Thoracic Aortic Aneurysms

General Classification and Principles

Thoracic aneurysms are most commonly located in the ascending and descending thoracic regions (Fig. 7.10). The more difficult transverse arch and thoracoabdominal locations are also less common. Several etiologies exist for chronic aortic aneurysms. The most common cause is atherosclerotic degeneration of the aorta (Fig. 7.11a-d), usually occurring in elderly smokers. Chronic aortic dissection (Fig. 7.12a-c), Marfan's syndrome (Fig. 7.13a-c), cystic medial necrosis or aortitis secondary to syphilis or granuloma are other etiologies.

The indications for surgical correction include a diameter greater than 6 cm, or a dramatic increase in size or symptoms over a short time interval. Those gen-

Fig. 7.11d. The valved conduit has been seated in the aortic annulus. An 8 mm graft has been anastomosed to the left and right coronary orifices and now will be sutured to the valved conduit. Courtesy of Dr Jeff Milliken, Harbor-UCLA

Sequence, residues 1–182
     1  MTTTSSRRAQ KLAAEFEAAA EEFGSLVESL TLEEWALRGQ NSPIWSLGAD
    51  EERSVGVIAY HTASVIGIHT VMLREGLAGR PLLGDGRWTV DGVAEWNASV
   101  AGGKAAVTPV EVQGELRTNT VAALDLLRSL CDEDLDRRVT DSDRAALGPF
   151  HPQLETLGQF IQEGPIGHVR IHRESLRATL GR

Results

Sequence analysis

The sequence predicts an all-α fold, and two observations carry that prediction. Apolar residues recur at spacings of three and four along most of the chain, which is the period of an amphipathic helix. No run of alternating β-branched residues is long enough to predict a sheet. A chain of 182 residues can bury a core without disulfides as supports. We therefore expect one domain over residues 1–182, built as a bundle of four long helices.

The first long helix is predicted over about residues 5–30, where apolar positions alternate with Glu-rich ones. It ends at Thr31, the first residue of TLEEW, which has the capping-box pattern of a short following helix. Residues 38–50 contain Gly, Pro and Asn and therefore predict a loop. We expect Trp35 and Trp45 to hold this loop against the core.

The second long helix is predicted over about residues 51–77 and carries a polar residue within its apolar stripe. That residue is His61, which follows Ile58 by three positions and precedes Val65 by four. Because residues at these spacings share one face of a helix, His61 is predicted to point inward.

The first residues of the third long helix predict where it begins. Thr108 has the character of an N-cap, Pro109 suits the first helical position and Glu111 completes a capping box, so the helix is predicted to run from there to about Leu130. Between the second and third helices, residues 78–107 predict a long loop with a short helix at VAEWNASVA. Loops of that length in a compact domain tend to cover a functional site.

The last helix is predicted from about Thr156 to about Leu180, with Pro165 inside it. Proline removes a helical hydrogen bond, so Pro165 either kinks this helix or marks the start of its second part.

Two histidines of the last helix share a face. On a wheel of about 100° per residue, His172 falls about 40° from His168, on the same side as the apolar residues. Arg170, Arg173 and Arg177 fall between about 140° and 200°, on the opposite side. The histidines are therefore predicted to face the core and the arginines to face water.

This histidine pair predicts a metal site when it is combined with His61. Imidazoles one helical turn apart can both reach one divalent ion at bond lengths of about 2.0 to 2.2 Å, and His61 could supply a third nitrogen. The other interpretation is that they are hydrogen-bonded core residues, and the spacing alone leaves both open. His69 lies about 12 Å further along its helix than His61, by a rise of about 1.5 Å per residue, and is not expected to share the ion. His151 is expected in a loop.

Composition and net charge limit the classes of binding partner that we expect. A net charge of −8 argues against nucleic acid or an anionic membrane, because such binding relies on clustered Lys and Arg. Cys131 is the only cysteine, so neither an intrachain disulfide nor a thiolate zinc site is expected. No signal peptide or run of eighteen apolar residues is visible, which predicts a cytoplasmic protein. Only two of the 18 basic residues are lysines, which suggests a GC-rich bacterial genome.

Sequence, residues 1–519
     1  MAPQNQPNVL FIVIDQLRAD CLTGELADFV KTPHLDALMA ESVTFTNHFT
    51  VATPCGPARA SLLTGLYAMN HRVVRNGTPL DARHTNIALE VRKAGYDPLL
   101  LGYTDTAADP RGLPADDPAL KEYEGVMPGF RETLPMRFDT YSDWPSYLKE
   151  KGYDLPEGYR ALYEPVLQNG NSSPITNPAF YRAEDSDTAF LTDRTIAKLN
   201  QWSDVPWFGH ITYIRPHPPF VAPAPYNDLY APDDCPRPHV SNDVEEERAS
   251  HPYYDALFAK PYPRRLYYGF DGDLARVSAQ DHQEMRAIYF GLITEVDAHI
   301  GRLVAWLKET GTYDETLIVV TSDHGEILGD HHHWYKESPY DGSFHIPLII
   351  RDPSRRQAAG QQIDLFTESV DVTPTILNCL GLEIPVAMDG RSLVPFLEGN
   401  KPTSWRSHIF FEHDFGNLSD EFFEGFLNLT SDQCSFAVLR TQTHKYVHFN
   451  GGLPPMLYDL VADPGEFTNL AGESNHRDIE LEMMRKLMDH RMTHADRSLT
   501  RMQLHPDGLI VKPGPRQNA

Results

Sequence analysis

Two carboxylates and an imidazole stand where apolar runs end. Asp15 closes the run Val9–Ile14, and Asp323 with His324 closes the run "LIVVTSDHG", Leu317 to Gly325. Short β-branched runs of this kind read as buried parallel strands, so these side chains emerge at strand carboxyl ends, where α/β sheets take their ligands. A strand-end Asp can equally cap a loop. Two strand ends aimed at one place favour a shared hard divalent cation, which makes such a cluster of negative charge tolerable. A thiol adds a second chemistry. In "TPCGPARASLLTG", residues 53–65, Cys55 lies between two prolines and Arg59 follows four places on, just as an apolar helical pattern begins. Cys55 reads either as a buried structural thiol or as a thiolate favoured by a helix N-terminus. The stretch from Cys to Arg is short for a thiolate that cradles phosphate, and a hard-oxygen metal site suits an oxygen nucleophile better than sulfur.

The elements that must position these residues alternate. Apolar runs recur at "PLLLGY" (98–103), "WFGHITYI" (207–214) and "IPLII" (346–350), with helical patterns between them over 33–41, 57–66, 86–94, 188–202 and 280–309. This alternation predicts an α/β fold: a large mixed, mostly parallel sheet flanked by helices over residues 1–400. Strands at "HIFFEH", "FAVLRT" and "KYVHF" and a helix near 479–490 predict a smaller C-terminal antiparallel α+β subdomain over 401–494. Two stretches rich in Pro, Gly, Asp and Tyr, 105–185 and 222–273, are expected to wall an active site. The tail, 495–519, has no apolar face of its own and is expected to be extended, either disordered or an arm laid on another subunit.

Fig. 7.11a. CT scan of a patient with a 9 cm aneurysm confined to the ascending aorta resulting in aortic insufficiency.

Fig. 7.11b. Aneurysm as seen at sternotomy. Notice the normal sized distal ascending aorta encircled by vascular tape. Cannula-tion of the normal aorta and car-diopulmonary bypass are performed. Courtesy of Dr Jeff Milliken, Harbor-UCLA

Fig. 7.11c. The aorta has been opened, aortic valve excised, and annular sutures placed. A St. Jude valved conduit will be positioned and the Cabrol procedure performed. Courtesy of Dr Jeff Milliken, Harbor-UCLA

Fig. 7.11d. The valved conduit has been seated in the aortic annulus. An 8 mm graft has been anastomosed to the left and right coronary orifices and now will be sutured to the valved conduit. Courtesy of Dr Jeff Milliken, Harbor-UCLA

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